By: Sean Robinson, Program Chair, Predictive Analytics World for Government

In anticipation of their upcoming conference co-presentation, Characteristics for Those Dae Park IMAGEClaiming Social Security Benefits Early, at Predictive Analytics World for Government, October 17-20, 2016, we asked Dae Park, Assistant Director at Government Accountability Office (GAO), and Vijay D’Souza, Director at Government Accountability Office (GAO), a few questions about their work in predictive analytics.

Q:  How would you characterize your agency's current and/or planned use of predictive analytics?  What is one specific way in which predictive Vijay D'Souza IMAGEanalytics actively drives decisions in your agency?

A: A core function of the Government Accountability Office (GAO) is to use data to objectively evaluate government programs and spending. We both develop our own models and evaluate agencies’ own models to evaluate the effectiveness of government programs. For example, we have completed numerous evaluations of Medicare payment policies to evaluate possible effects on quality and access to care.

Q:  Can you describe the challenges you face or have already overcome in establishing a data-driven environment in your agency?

A: The biggest problem we face is acquiring and validating data from the agencies we audit. Data are provided in multiple formats and often have quality issues. These include duplicate, incomplete, or inaccurate entries, and inconsistencies among records. This challenge is compounded when we merge data from multiple agencies or multiple sources to conduct more sophisticated analyses.

Q:  Can you discuss any near term goals you have for improving your agency's use of predictive analytics?

A: There is an increasing awareness across our analyst community of the value of predictive analytics to measure the effectiveness of federal programs. This includes training and outreach efforts from our analytics experts to other agency staff. We are also taking greater advantage of open source tools for analytics and developing strategies to increase the amount of staff that can help with the initial stages of data acquisition, evaluation, and preparation.

Q:  Can you describe a successful result from the employment of predictive analytics in your agency, i.e., cost avoidance, funds recovered, improved efficiency, etc.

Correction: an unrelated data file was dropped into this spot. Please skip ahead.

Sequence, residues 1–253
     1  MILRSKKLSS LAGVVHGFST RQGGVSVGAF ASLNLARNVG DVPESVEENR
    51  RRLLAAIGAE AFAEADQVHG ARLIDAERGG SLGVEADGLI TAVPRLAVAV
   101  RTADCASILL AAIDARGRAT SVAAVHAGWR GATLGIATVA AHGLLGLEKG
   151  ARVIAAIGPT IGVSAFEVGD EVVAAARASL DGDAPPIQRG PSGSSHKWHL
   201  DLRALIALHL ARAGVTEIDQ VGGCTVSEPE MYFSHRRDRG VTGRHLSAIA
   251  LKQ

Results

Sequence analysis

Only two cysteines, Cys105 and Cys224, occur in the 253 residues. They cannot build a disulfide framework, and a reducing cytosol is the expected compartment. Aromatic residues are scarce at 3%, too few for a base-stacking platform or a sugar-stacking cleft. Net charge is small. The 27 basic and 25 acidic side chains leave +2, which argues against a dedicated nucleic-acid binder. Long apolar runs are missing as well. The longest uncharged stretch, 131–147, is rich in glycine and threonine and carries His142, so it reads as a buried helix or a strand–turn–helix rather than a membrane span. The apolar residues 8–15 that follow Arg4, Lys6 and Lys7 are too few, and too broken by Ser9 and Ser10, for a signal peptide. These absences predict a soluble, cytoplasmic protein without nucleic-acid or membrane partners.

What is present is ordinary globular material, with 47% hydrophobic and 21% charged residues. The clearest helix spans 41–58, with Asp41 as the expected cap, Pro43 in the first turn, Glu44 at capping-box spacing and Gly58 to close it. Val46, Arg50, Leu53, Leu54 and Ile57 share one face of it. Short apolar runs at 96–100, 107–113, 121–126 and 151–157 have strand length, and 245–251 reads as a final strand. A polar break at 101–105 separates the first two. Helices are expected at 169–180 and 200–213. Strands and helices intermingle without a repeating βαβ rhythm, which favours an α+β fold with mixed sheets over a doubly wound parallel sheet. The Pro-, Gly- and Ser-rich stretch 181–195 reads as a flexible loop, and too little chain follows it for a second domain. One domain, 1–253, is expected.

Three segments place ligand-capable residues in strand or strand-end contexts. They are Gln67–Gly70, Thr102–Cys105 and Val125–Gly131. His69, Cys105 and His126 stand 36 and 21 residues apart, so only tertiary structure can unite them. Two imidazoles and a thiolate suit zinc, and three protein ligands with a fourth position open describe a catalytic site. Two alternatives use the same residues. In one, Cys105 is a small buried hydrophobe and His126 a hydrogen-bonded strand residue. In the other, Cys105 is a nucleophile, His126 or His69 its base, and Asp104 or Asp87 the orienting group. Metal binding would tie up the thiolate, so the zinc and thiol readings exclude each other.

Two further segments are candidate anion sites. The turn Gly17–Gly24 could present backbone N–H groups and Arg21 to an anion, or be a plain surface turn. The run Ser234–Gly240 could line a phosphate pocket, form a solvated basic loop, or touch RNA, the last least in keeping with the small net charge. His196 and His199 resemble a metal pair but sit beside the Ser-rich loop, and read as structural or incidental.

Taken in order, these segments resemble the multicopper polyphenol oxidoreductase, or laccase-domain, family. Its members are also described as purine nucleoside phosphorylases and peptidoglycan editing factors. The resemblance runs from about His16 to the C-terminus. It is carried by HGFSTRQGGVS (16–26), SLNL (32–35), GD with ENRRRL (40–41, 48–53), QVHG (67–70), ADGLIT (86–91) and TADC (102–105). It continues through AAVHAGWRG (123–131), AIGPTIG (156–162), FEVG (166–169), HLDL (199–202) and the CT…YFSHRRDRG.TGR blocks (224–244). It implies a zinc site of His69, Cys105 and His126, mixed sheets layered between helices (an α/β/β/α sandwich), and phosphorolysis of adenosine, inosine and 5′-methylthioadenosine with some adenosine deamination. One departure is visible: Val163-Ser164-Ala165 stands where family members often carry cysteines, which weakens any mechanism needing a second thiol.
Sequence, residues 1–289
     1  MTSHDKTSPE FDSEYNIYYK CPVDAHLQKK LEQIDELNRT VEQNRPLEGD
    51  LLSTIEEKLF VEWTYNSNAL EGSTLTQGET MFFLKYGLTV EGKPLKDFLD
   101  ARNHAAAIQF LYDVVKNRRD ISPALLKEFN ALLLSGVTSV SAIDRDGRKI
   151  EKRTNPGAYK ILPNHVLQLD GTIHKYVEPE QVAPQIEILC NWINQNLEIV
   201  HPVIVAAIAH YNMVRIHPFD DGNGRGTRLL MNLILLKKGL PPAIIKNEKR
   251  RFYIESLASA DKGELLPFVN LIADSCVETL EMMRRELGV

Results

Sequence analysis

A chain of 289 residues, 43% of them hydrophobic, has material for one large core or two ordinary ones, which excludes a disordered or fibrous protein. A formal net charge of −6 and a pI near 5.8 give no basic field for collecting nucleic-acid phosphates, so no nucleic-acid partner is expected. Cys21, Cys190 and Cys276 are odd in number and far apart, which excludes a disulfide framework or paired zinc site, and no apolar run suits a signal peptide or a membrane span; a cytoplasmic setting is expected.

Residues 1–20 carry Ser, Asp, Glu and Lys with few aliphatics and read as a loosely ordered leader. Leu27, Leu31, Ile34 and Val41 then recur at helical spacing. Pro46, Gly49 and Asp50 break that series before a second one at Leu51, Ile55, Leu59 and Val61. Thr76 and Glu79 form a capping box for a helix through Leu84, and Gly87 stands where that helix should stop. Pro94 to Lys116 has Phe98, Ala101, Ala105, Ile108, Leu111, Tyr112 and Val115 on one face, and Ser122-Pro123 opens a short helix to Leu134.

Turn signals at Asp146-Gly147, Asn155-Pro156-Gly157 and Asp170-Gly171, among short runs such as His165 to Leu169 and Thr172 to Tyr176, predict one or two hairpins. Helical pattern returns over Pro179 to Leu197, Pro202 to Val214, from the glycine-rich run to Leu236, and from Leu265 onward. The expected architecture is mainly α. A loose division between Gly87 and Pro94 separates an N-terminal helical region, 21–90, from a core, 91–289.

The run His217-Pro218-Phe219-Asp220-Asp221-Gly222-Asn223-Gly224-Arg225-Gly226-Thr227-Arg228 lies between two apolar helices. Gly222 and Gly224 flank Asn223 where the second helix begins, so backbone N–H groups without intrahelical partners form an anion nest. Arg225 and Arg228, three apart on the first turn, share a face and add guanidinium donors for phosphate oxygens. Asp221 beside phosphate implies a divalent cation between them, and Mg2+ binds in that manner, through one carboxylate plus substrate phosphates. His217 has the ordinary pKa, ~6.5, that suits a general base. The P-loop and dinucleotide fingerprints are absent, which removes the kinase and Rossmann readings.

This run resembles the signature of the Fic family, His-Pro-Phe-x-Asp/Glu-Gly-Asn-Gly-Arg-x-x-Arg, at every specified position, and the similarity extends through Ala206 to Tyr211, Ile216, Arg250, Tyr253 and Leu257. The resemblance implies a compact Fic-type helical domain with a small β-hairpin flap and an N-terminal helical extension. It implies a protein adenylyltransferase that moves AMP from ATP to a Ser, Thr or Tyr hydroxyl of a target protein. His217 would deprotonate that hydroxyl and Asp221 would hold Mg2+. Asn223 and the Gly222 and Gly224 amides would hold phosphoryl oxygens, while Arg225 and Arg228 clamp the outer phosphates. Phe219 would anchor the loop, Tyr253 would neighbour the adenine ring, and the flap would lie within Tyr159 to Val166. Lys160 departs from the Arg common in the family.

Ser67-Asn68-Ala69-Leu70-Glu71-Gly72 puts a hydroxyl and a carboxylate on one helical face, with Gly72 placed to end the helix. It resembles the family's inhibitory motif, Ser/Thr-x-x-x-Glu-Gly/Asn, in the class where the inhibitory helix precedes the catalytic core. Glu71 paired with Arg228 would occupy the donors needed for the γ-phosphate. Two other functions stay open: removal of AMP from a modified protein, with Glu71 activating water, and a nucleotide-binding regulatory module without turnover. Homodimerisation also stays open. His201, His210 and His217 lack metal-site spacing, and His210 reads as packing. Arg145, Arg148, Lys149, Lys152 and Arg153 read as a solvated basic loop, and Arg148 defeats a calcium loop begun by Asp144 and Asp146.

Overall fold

A: We analyzed TSA’s program to detect more risky air travel passengers and determined it was not based on sound evidence. In another case, we evaluated a Department of Transportation program that used a large amount of data to calculate safety scores for commercial trucking carriers and to ostensibly determine the likelihood of crashes. We found that violations used in the agency model either occurred too infrequently to be useful, or were not otherwise predictive of crashes.

Q:  Sneak preview: Please tell us a take-away that you will provide during your talk at Predictive Analytics World for Government.

A: To better understand the circumstances faced by those who claim early Social Security benefits, GAO examined demographic and occupational characteristics associated with early claiming. More specifically, we examined the characteristics and income of early claimers using data from the Health and Retirement Study. I look forward to discussing our findings in detail at the session.


Don't miss Dae and Vijay’s conference co-presentation, Characteristics for Those  Claiming Social Security Benefits Early, on Monday, October 17, 2016 from 11:25 am to 12:10 pm at Predictive Analytics World for Government. Click here to register to attend.

By: Sean Robinson, Program Chair, Predictive Analytics World for Government